Thursday, November 21, 2013

My Experience with Romeo and Juliet

So last night, I went to see the Folger Theatre's production of Romeo and Juliet, the start of their 2013-2014 season (as a side not, I have actually seen their season opener show every year for the past three years, thanks to the marvelous UMBC Honors College!). Now, before, as Dr. Spitz would say "daily life presses in and the magic of the theater is gone", I thought I'd spit out my thoughts on the production, for whatever members of the public care to read it. This assumes you are familiar with Romeo and Juliet, but not with this production of it (Show details and spoilers contained below so look out). This is the third time I've seen Romeo and Juliet (I saw it in the summer, with the Chesapeake Shakespeare Company, during "Shakespeare in the Ruins" and I saw it as a high school production with Granite Classical Tutorials).

The Good:
Some scenes were absolutely amazing. I'd been told beforehand (by the lovely Michelle Osherow, an actress in this particular show, the Folger's resident dramaturg, and by far one of my favorite UMBC professors) to look for the scene with Juliet's stuffed animal, so I did, and I really liked how that played out. It's the traditional balcony scene, but in it, Juliet appears to be consulting with her stuffed bunny about her feelings for Romeo. When she realizes he has been listening, she throws away her bunny and runs to talk to him. That, as Dr. Osherow points out, lets us "say much about Juliet's coming of age in the story--the transition from child to adult and the vulnerability signified by the object".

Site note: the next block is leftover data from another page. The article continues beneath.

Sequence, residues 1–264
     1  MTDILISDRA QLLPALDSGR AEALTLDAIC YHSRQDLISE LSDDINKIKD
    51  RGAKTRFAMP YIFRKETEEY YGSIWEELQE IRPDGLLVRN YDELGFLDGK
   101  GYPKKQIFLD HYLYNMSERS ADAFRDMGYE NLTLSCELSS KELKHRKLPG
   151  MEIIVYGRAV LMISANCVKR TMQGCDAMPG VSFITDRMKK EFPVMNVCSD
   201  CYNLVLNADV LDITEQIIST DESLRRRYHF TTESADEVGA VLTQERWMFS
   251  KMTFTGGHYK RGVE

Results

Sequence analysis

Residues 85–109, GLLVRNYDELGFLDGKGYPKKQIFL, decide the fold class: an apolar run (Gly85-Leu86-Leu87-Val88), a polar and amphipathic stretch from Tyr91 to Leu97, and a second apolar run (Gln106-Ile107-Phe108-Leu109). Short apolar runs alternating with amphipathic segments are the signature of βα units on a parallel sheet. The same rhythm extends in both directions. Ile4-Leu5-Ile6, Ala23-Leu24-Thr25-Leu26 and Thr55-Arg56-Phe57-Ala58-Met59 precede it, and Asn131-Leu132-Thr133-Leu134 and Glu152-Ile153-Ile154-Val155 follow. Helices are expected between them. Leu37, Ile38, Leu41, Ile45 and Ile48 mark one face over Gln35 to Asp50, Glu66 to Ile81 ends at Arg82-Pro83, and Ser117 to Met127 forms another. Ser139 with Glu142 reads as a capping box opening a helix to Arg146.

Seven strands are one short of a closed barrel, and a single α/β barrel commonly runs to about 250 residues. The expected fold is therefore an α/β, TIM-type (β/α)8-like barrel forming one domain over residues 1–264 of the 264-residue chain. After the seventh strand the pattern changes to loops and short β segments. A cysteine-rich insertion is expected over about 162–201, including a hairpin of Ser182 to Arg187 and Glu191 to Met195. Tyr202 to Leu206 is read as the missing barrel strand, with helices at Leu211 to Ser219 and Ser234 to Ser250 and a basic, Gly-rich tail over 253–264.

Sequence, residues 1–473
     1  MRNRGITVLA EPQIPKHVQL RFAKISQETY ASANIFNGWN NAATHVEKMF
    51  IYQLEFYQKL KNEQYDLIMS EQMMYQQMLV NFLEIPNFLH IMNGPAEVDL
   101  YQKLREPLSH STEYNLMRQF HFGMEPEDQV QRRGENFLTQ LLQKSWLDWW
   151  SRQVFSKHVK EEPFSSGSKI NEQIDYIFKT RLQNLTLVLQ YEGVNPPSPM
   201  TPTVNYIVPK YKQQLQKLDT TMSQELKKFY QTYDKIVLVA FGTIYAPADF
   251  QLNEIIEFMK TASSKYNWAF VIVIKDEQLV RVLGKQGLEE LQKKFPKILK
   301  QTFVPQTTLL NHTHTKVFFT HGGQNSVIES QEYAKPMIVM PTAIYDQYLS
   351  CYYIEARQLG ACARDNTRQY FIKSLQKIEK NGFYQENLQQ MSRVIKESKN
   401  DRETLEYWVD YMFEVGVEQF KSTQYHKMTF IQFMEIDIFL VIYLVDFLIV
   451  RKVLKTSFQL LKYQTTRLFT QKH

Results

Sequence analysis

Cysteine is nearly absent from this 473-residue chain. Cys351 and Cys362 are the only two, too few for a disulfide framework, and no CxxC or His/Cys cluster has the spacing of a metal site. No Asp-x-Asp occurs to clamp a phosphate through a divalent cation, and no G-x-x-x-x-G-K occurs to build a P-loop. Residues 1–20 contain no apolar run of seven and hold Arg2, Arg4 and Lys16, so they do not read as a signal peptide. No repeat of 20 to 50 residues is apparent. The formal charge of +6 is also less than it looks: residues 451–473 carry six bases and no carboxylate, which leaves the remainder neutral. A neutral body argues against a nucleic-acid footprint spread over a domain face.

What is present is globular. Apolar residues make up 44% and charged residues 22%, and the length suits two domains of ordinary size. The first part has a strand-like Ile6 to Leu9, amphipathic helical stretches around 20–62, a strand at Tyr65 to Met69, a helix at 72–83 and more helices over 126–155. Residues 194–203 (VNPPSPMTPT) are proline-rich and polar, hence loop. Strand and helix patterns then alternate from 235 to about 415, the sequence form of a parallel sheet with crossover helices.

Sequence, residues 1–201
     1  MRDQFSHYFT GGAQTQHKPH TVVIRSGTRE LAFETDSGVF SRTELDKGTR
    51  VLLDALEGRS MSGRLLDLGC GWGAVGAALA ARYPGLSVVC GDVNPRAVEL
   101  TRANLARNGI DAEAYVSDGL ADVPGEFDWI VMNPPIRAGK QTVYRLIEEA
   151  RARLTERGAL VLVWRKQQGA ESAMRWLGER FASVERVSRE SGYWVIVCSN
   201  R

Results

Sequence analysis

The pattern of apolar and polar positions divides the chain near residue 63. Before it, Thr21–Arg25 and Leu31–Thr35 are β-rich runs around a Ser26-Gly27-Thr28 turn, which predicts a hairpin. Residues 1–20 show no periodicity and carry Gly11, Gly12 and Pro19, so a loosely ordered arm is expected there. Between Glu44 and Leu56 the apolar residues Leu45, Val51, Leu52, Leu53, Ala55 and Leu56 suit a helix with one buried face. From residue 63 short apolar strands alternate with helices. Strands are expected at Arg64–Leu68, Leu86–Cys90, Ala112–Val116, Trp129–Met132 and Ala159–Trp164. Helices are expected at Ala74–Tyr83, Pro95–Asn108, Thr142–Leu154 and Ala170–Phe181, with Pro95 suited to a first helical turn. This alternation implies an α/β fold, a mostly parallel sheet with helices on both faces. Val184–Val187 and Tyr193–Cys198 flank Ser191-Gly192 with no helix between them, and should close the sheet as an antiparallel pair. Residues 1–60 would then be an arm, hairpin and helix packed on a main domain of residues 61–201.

Following this transition, Juliet changes into a much more womanly character - both figuratively and literally, in that she changes costumes. Note that she was the only character to completely change costume - which I found to be an extremely interesting choice. What started as a slightly scruffy little girl costume (short gray dress, hipster glasses) transitioned to a more sexy woman's costume (very sheer white lace dress, black fishnet stockings), and ultimately just a black bra and pajama pants (when she and Romeo are sharing their final farewells). There were some other costumes, but those where the most notable for me. Juliet was definitely the star in terms of character development, and the actress played that out well, demonstrating the innocence of the child up to the resolve of the woman who ultimately kills herself over her husband's dead body. My hat is off to the actress who played Juliet.